Try using the proprietary 2 point. Mine ends up with the two shafts 6" apart, and uses a double knuckle to hook them up. That made me nervous the first time I fired it up.

Does your Yanmar use trailing wheels for depth control?
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#6 Utah Smitty OFFLINE  

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Posted May 19, 2015 - 12:13 PM

Put the tiller on as MD suggested, sans shaft, and measure. I would add that might be a good idea to run the rear end up on stepped up 2x6's enough to lower the tiller to digging depth to eyeball that, and lift it all the way up and measure that.

Try using the proprietary 2 point. Mine ends up with the two shafts 6" apart, and uses a double knuckle to hook them up. That made me nervous the first time I fired it up.

Does your Yanmar use trailing wheels for depth control?

Thanks, Cat385

 

My tiller isn't set up for 2 point hook up so I dont' have the arms or bendable top link for it... in fact, I'm not sure what they look like. However, it does have the depth control crank wheel with two 13" metal wheels trailing the tiller.

 

Smitty


Edited by Utah Smitty, May 19, 2015 - 12:15 PM.


#7 Utah Smitty OFFLINE  

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Posted May 19, 2015 - 12:17 PM

The thing to do is this. Install the tiller onto the tractor with the drive shaft off and removed from the tiller.. Next raise the tiller so that the tiller shaft is in line with the tractors pto shaft.  Measure the distance between the groove in the tractors pto shaft and the groove in the tillers shaft.  Now with the pto shaft together and compressed, sitting on the bench measure the same distance between the locking pins. If the shaft is to long it will need to be cut.  If you need to cut figure out how much you need to cut from each end of the shaft and tube.  You'll have to cut 1/2 of what you need from the tube and 1/2 of what you need from the shaft. Of course a good thing to do is to cut 1/2 a inch more then the tight length to allow for the shaft to not bottom out. It's really easy to figure out just make sure the shafts never bottom out. I have pics etc; just trying to figure out how to get them on here.

Thanks, MD... I figured I'd need to cut 1/2 from each side... my biggest concern was if the shaft would be too short and put a bind on the u-joints and shafts when raised.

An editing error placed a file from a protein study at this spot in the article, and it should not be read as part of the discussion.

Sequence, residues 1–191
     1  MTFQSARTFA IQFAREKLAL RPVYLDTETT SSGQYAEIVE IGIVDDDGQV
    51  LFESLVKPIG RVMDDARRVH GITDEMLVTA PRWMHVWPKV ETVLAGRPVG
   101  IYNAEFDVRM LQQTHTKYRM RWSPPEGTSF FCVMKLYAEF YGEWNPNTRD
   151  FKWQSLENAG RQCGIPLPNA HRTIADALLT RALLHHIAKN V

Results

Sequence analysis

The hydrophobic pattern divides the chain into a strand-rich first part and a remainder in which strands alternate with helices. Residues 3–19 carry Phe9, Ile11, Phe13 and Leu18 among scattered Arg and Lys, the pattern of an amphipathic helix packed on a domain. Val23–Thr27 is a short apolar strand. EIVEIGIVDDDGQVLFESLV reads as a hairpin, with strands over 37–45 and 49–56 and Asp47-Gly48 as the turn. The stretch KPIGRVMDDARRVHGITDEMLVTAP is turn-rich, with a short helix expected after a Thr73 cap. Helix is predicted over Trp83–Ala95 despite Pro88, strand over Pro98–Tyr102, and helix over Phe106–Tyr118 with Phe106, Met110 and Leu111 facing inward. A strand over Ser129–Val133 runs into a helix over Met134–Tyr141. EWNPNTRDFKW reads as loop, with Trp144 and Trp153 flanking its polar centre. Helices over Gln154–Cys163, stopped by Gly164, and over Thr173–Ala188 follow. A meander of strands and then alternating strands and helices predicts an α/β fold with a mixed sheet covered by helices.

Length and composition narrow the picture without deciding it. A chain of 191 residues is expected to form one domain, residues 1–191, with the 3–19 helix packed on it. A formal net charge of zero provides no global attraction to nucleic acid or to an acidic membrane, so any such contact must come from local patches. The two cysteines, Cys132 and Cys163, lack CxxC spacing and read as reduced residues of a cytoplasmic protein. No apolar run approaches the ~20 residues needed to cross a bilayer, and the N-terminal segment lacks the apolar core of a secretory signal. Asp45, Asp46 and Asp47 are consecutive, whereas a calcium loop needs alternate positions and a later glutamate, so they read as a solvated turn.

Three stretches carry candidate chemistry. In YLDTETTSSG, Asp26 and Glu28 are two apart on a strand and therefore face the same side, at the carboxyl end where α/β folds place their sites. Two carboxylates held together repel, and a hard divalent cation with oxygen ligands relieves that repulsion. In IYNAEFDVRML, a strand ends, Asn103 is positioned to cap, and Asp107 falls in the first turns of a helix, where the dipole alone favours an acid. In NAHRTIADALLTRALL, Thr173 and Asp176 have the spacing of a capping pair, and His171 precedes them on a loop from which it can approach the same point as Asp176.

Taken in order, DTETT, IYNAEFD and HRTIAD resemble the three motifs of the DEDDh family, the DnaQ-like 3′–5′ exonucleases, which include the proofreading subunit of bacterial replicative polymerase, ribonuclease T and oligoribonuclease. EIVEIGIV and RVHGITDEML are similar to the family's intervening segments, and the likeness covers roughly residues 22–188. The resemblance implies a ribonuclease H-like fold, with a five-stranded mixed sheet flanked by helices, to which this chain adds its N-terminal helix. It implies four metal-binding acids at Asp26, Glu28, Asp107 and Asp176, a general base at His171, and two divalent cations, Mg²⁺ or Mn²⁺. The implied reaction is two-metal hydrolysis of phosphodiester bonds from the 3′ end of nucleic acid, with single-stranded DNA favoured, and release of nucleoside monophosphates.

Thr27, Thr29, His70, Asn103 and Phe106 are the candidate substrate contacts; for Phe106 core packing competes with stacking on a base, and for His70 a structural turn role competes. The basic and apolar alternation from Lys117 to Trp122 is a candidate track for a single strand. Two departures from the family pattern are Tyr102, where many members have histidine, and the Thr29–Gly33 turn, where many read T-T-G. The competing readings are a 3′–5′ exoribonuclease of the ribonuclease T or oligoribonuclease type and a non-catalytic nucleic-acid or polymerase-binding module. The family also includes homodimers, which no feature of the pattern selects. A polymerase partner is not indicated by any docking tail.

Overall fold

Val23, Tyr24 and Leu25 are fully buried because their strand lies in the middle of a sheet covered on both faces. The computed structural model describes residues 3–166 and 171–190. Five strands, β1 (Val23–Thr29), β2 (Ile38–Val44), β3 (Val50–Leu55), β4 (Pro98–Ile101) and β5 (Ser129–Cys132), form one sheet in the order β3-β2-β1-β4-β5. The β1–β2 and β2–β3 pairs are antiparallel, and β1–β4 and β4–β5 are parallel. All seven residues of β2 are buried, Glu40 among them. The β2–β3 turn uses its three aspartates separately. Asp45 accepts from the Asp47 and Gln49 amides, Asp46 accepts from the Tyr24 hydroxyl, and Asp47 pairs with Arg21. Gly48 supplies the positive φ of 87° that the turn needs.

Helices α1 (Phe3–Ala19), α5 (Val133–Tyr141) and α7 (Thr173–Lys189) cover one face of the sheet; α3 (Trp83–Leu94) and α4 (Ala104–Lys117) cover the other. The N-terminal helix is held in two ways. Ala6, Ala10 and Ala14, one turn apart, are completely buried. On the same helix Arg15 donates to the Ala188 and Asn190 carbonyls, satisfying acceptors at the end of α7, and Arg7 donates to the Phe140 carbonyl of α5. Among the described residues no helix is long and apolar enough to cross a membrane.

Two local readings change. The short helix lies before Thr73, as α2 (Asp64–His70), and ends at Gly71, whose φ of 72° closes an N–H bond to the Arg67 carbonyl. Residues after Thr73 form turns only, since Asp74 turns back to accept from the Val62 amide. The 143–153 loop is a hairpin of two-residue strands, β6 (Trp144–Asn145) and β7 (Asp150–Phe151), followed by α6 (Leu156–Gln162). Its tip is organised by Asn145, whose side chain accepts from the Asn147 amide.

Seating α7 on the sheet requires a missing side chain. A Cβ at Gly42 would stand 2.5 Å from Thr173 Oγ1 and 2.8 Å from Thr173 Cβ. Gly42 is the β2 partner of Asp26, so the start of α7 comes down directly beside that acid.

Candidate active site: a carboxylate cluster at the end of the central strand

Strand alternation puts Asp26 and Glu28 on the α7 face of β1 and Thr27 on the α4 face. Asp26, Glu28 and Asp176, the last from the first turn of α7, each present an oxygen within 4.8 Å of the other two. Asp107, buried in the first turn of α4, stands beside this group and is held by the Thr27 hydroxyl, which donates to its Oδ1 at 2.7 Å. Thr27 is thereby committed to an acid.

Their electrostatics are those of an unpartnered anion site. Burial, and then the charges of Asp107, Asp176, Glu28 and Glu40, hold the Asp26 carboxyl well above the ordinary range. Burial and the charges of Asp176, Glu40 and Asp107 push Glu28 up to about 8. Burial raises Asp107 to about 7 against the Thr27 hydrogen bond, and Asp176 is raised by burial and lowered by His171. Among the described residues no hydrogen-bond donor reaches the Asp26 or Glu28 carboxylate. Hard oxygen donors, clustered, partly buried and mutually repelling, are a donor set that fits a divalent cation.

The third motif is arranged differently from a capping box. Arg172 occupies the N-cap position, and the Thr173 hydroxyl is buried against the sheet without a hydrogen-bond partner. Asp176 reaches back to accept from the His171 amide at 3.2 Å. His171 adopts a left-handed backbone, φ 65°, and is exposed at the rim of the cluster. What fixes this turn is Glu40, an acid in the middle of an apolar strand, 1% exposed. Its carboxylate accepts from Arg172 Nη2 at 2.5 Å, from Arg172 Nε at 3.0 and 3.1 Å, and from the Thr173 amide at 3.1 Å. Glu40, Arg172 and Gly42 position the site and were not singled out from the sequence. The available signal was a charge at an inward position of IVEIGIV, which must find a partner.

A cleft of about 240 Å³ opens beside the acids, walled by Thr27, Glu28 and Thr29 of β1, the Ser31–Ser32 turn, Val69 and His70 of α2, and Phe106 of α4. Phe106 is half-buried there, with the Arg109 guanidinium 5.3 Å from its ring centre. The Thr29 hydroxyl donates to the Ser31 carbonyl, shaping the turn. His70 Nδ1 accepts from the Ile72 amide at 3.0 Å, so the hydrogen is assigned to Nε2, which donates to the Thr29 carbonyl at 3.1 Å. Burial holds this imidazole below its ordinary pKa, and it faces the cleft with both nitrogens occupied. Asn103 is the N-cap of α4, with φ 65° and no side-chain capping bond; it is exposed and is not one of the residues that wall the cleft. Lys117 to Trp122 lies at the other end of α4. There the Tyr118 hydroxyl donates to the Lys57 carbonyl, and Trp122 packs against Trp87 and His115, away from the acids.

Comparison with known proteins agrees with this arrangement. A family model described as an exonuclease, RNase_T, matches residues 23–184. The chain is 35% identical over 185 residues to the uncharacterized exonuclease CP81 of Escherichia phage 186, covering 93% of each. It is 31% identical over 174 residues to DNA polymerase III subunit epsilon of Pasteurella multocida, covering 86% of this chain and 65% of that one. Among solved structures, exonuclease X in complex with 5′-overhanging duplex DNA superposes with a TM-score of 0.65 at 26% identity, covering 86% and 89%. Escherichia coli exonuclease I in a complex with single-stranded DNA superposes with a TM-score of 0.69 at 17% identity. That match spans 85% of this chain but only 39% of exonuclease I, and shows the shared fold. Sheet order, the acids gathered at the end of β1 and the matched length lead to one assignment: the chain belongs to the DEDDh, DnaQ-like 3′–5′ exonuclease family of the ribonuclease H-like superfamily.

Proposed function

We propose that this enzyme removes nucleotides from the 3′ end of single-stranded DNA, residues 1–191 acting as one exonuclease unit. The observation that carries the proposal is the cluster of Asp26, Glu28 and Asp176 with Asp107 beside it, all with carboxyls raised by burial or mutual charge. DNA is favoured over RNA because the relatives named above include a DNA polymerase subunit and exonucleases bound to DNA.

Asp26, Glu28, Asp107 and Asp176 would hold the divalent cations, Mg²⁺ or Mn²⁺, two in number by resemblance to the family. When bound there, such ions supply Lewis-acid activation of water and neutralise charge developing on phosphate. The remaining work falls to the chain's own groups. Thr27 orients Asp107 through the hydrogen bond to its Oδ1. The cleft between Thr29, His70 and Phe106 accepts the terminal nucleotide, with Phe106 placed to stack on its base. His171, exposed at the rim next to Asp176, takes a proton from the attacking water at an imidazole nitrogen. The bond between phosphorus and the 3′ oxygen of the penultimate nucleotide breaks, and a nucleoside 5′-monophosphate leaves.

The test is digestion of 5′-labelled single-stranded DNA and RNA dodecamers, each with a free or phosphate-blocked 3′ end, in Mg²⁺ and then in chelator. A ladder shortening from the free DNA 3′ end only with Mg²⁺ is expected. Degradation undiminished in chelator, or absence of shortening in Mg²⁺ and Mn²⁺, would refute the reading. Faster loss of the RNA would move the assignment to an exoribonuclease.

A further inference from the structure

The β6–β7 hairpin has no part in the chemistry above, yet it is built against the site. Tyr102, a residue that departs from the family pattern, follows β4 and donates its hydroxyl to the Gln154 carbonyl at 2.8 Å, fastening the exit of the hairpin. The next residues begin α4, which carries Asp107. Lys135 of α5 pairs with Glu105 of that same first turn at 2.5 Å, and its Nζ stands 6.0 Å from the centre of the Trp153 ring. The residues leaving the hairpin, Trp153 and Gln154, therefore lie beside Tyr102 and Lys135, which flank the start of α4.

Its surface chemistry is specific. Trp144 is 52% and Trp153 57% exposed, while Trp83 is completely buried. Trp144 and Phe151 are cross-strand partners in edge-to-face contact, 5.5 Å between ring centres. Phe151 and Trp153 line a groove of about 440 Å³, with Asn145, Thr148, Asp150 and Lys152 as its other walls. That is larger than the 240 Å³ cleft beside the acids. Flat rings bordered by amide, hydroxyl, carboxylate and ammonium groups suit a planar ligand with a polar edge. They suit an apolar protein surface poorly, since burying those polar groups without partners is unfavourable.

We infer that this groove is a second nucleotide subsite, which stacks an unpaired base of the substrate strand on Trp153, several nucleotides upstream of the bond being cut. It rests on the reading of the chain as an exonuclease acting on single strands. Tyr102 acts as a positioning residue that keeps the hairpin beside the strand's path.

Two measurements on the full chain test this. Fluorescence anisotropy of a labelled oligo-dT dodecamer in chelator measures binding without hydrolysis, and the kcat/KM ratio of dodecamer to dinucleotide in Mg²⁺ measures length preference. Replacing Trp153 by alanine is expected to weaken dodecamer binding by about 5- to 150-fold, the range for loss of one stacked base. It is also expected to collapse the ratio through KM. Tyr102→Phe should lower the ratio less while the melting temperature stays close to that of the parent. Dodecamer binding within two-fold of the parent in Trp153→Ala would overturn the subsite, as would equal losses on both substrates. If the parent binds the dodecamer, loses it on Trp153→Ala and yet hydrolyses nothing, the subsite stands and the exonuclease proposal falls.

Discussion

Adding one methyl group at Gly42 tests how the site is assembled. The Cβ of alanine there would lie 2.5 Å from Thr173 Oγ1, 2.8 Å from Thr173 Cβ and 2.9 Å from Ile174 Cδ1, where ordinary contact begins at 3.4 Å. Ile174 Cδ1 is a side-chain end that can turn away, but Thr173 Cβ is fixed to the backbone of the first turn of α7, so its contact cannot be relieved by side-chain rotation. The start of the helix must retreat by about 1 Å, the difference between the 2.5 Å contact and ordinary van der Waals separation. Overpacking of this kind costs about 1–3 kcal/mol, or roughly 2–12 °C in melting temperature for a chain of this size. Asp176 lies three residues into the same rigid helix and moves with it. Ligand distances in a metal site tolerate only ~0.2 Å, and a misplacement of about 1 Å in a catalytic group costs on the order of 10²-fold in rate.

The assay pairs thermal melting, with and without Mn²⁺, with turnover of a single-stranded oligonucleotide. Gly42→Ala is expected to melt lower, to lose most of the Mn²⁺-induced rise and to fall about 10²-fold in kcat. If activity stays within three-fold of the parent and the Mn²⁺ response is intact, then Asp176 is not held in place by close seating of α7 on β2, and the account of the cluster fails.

Smitty


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#8 JD DANNELS OFFLINE  

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Posted May 20, 2015 - 03:35 PM

[quote name="Utah Smitty" post="575613" timestamp="1432055821"]Thanks, MD... I figured I'd need to cut 1/2 from each side... my biggest concern was if the shaft would be too short and put a bind on the u-joints and shafts when raised.

Smitty[/quote

Your on the right track cutting from both sides. When I bought the tiller for my ford the PTO shaft was too long and needed cut down.
I made sure about 1/2 of the inner shaft was in. The sleeve and it is pretty short on my ford.
I will take a tape down to the shed and measure it for you. Mine measures 24 inches from the face of the slipper clutch to the end of the pto that goes on the pto. it is close I sometimes have to adjust the top link to hook it up.

Edited by JD DANNELS, May 20, 2015 - 03:43 PM.

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#9 Utah Smitty OFFLINE  

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Posted May 20, 2015 - 05:36 PM

[quote name="Utah Smitty" post="575613" timestamp="1432055821"]Thanks, MD... I figured I'd need to cut 1/2 from each side... my biggest concern was if the shaft would be too short and put a bind on the u-joints and shafts when raised.

Smitty[/quote

Your on the right track cutting from both sides. When I bought the tiller for my ford the PTO shaft was too long and needed cut down.
I made sure about 1/2 of the inner shaft was in. The sleeve and it is pretty short on my ford.
I will take a tape down to the shed and measure it for you. Mine measures 24 inches from the face of the slipper clutch to the end of the pto that goes on the pto. it is close I sometimes have to adjust the top link to hook it up.

Thanks... that's a similar measurement to mine--25" is the shortest dimension between the groves in the shaft on the tiller and the PTO.

 

Smitty